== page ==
Every pupil takes on a role or responsibility during their time at school. For example, pupils can be on the junior leadership team or school senate, are play leaders or catering assistants.

Pastoral support for pupils is effective.

Staff check the mood and emotions of all pupils every day. Staff have put strategies in place to support the pupils if needed, such as 'wobble walks'. Leaders work closely with families to promote regular school attendance.

Despite this there are still a small number of pupils who do not attend school regularly enough.

Parents are overwhelmingly positive about the school. They praise the warmth and approachability of the staff and value the regular communication they receive.


The arrangements for safeguarding are effective.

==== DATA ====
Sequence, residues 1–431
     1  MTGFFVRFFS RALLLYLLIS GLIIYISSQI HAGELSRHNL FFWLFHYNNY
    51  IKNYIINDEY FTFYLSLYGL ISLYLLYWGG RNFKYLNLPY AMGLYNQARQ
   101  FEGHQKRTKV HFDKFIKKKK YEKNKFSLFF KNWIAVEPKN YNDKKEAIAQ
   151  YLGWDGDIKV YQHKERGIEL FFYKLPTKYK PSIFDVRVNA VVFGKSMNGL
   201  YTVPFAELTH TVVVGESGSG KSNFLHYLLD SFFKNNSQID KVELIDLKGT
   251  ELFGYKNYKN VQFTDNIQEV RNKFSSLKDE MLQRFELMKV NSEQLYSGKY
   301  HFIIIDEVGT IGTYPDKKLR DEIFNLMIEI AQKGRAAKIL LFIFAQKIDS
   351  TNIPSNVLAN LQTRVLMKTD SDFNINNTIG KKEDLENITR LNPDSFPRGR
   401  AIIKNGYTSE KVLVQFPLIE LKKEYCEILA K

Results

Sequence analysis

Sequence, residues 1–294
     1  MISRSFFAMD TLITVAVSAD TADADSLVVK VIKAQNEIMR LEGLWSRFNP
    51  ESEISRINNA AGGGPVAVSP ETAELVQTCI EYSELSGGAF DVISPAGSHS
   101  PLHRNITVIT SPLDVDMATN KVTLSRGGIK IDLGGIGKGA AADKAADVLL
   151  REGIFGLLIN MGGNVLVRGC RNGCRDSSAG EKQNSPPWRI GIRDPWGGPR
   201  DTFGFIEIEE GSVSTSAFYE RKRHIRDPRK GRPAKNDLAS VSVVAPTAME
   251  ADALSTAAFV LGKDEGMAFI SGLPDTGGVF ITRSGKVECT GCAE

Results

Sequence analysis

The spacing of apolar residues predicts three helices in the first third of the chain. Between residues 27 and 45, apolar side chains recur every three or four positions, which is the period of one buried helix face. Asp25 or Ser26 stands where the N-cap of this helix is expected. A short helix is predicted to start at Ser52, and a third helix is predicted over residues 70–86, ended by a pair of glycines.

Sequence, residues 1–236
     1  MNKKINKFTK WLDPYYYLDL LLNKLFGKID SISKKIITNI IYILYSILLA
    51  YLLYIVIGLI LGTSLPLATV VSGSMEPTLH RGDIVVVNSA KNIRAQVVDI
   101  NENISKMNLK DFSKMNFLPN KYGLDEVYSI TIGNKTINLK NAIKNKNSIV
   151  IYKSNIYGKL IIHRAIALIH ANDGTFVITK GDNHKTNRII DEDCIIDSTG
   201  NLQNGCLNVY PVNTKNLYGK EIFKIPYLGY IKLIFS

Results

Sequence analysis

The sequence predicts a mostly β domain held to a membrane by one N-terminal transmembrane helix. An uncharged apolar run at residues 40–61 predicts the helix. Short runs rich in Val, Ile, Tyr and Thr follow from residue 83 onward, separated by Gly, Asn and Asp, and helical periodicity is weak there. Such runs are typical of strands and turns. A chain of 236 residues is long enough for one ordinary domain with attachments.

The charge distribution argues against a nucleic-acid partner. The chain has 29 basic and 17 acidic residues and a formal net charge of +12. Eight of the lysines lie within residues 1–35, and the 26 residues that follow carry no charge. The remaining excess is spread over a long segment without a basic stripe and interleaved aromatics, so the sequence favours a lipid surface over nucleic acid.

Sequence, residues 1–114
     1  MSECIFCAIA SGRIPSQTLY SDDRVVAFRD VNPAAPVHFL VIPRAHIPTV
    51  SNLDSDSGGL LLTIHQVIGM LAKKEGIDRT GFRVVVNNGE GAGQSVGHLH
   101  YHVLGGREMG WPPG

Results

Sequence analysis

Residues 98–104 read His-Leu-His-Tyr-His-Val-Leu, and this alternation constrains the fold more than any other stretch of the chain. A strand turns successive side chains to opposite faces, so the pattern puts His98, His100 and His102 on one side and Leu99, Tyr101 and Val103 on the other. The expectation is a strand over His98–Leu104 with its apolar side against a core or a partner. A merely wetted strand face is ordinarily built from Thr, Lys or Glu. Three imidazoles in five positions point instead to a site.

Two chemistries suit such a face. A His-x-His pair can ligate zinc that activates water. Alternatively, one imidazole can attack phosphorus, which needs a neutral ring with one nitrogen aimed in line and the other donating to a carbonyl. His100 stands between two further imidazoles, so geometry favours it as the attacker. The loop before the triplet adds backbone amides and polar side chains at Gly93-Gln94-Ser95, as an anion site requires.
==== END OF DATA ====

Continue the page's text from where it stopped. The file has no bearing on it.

Leaders are alert to safeguarding issues. They know pupils and families well.

Staff swiftly identify signs that something might not be right in a pupil's life. Leaders have ensured that all staff know the risks that pupils may face. There are secure systems in place for staff to report concerns.

The designated safeguarding leader works effectively, including with other agencies if needed, to keep pupils safe. Pupils learn about the risks they may face growing up, including online. They know how to keep themselves safe and the steps they should take if they are anxious about something.

What does the school need to do to improve?

(Information for the school and appropriate authority)

• Some pupils do not attend school regularly enough. These pupils then miss too much learning and do not make as much progress as they should. Leaders need to continue to work with families and external agencies to address the persistent absence of some pupils.

Leaders have not ensured that, in a small number of subjects, curriculum planning is as well planned or embedded as other subjects. Consequently, pupils do not build their knowledge as well as they could. Leaders should ensure that all curriculum planning clearly sets out the important knowledge pupils need to know.